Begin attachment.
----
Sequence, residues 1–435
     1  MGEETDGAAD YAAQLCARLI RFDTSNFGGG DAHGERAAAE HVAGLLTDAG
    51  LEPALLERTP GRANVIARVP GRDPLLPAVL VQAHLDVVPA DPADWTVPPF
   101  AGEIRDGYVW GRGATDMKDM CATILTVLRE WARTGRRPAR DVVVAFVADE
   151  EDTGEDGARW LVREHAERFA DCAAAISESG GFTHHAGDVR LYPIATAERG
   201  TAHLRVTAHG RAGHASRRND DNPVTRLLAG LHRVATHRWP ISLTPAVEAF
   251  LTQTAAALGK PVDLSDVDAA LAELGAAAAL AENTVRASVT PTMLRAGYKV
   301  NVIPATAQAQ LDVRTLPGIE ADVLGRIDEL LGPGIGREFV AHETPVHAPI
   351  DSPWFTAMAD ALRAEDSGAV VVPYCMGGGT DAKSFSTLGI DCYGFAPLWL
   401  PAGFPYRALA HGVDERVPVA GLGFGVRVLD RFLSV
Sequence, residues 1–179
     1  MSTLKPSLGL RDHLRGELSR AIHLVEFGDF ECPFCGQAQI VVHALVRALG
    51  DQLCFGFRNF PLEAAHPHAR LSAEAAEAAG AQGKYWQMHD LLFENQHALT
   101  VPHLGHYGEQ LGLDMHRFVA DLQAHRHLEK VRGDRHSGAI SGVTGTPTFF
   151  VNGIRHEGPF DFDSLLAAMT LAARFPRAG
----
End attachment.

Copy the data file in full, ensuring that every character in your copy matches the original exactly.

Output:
Sequence, residues 1–435
     1  MGEETDGAAD YAAQLCARLI RFDTSNFGGG DAHGERAAAE HVAGLLTDAG
    51  LEPALLERTP GRANVIARVP GRDPLLPAVL VQAHLDVVPA DPADWTVPPF
   101  AGEIRDGYVW GRGATDMKDM CATILTVLRE WARTGRRPAR DVVVAFVADE
   151  EDTGEDGARW LVREHAERFA DCAAAISESG GFTHHAGDVR LYPIATAERG
   201  TAHLRVTAHG RAGHASRRND DNPVTRLLAG LHRVATHRWP ISLTPAVEAF
   251  LTQTAAALGK PVDLSDVDAA LAELGAAAAL AENTVRASVT PTMLRAGYKV
   301  NVIPATAQAQ LDVRTLPGIE ADVLGRIDEL LGPGIGREFV AHETPVHAPI
   351  DSPWFTAMAD ALRAEDSGAV VVPYCMGGGT DAKSFSTLGI DCYGFAPLWL
   401  PAGFPYRALA HGVDERVPVA GLGFGVRVLD RFLSV
Sequence, residues 1–179
     1  MSTLKPSLGL RDHLRGELSR AIHLVEFGDF ECPFCGQAQI VVHALVRALG
    51  DQLCFGFRNF PLEAAHPHAR LSAEAAEAAG AQGKYWQMHD LLFENQHALT
   101  VPHLGHYGEQ LGLDMHRFVA DLQAHRHLEK VRGDRHSGAI SGVTGTPTFF
   151  VNGIRHEGPF DFDSLLAAMT LAARFPRAG